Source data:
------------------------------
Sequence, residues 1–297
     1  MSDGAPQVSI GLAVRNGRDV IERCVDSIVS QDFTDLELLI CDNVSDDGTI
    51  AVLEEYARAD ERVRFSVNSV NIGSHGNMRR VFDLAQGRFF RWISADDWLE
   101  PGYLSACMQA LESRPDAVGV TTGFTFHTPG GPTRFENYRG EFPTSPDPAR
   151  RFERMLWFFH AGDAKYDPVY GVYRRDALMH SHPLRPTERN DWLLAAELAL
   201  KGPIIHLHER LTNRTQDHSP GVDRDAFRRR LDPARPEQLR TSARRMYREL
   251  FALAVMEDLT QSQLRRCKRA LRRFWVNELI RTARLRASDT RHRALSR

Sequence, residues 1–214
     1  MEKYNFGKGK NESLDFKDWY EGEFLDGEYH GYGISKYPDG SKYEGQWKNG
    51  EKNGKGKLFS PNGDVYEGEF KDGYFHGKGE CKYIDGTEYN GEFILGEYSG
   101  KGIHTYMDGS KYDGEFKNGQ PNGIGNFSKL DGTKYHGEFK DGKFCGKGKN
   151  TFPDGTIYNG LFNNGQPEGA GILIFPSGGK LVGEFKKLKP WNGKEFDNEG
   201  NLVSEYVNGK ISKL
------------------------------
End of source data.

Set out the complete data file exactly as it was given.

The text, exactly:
Sequence, residues 1–297
     1  MSDGAPQVSI GLAVRNGRDV IERCVDSIVS QDFTDLELLI CDNVSDDGTI
    51  AVLEEYARAD ERVRFSVNSV NIGSHGNMRR VFDLAQGRFF RWISADDWLE
   101  PGYLSACMQA LESRPDAVGV TTGFTFHTPG GPTRFENYRG EFPTSPDPAR
   151  RFERMLWFFH AGDAKYDPVY GVYRRDALMH SHPLRPTERN DWLLAAELAL
   201  KGPIIHLHER LTNRTQDHSP GVDRDAFRRR LDPARPEQLR TSARRMYREL
   251  FALAVMEDLT QSQLRRCKRA LRRFWVNELI RTARLRASDT RHRALSR

Sequence, residues 1–214
     1  MEKYNFGKGK NESLDFKDWY EGEFLDGEYH GYGISKYPDG SKYEGQWKNG
    51  EKNGKGKLFS PNGDVYEGEF KDGYFHGKGE CKYIDGTEYN GEFILGEYSG
   101  KGIHTYMDGS KYDGEFKNGQ PNGIGNFSKL DGTKYHGEFK DGKFCGKGKN
   151  TFPDGTIYNG LFNNGQPEGA GILIFPSGGK LVGEFKKLKP WNGKEFDNEG
   201  NLVSEYVNGK ISKL